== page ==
One of my goals this summer was to read all of the books on the Texas Bluebonnet list. These books are chosen by the Texas Library Association and geared toward Grades 3-6. At the end of the school year, the kids are encouraged to vote for their favorite book from the list.
I’ve always felt like the range from Grade 3 - Grade 6 was pretty significant in terms of reading material. For example, what an 8-year-old wants to read versus a 12-year-old can really vary, especially when it comes to reading level and comprehension. The list usually tries to include something for all ages within that range, from older picture books to longer novels.
As I discovered with my 2 X 2 challenge, taste is subjective when it comes to Bluebonnet books. While I eagerly read some of the books, others really were a struggle for me to finish. It definitely made me sympathetic to kids who have to read all the Bluebonnet books at school to earn a prize or reward. It is really an accomplishment!
As a writer, I realized I was learning just as much (if not more) from the books that I didn’t like as the books that I liked. I started to ask myself, “Why isn’t this book holding my interest?”
For me, I realized the answer had to do with character. In some of the books, I really didn’t care for the main character of the story. The reasons varied as to why I didn’t like them: sometimes it was an annoying personality quirk, other times the character seemed bland, sometimes it seemed the author was trying too hard to make the character unique and they turned out unrealistic, other times I just found the character mean-spirited and had a hard time rooting for them. In several of the novels, I found the minor characters much more engaging than the main one. What I discovered was that if I didn’t like the main character, I didn’t really care what happened in the book. Not to sound harsh, but in order to justify spending time reading the story, I wanted to be engaged in the characters and anxious to find out what happens next. I didn’t want to simply be turning the pages and skimming the chapters just so I could check the book off my list.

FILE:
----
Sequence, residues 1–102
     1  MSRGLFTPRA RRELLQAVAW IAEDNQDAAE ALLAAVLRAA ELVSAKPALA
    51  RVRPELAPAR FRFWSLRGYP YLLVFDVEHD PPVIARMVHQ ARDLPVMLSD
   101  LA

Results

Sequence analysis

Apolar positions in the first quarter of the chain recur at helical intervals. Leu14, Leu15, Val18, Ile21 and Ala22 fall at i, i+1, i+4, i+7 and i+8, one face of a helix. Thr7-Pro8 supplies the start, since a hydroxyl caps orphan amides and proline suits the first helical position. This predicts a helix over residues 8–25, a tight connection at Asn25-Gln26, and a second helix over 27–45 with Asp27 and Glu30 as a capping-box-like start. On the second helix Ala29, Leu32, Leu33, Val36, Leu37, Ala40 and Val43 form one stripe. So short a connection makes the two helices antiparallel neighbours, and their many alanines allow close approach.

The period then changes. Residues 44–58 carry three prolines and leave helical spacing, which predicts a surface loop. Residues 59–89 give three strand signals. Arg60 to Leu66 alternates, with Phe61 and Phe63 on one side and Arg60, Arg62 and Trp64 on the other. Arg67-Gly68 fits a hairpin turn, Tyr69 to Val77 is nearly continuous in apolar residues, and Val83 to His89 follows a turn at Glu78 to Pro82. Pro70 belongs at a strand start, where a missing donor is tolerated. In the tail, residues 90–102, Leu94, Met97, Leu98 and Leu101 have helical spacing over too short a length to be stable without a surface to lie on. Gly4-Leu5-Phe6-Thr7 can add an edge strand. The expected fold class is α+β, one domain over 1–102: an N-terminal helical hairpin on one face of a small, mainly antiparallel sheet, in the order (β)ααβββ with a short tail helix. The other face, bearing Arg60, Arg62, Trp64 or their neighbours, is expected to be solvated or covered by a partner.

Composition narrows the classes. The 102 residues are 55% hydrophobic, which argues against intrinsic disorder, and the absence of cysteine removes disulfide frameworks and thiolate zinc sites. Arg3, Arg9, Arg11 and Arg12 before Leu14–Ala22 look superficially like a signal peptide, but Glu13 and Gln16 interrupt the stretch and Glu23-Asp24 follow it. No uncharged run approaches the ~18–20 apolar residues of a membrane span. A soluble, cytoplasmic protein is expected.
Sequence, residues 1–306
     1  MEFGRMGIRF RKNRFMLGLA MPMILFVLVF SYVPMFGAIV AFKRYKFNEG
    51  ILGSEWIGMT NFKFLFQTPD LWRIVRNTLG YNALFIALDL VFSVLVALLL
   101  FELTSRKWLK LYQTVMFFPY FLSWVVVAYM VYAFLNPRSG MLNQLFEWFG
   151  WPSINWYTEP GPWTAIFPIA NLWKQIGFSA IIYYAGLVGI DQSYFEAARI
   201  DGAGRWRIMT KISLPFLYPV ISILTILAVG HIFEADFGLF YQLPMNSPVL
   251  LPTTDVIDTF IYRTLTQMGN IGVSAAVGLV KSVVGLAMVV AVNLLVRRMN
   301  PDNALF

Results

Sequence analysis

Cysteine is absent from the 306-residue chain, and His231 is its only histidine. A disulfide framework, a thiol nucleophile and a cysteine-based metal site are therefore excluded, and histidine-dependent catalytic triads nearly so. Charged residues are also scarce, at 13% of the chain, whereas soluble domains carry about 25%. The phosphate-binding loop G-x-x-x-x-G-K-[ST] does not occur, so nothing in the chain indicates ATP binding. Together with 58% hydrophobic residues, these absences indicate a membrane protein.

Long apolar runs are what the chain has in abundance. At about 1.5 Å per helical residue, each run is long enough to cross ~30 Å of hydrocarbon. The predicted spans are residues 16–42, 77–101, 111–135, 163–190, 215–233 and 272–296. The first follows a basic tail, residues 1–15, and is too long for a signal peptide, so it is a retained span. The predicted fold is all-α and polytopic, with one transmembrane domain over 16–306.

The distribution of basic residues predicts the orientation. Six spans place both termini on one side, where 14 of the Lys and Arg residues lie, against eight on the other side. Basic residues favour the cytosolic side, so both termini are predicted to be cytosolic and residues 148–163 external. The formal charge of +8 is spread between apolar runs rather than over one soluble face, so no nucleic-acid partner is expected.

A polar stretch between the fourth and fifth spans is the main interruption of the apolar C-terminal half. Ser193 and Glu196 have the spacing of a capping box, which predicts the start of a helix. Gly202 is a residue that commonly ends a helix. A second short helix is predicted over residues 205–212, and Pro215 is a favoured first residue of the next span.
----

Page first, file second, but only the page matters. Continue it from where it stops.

I realize, of course, that I am not the target audience for these books. So perhaps these characters may not appeal to me, but would appeal to children. I’m hoping to get some feedback from kids who’ve read these books to see how they enjoyed them. But as an author, the experiment reiterated an important lesson - you’ve got to make the reader really care about your characters. They may not always agree with the characters or like everything they do, but the reader does need to be invested and curious about what happens to them. Then that translates to caring about the twists and turns of the plot, and how that in turn affects the characters.
As I look on my own middle grade novel (which I’d love to see on a Bluebonnet list someday!), it has helped me take a look at each of my characters from a different perspective. Obviously, I, as the author, think each of my characters are unique and wonderful. But is that translating on the page? Will my readers be as invested in the story as I am? Have I made my readers care? It’s definitely something to keep working on, and it’s another example of why reading is so informative and important to writing. So read and write on!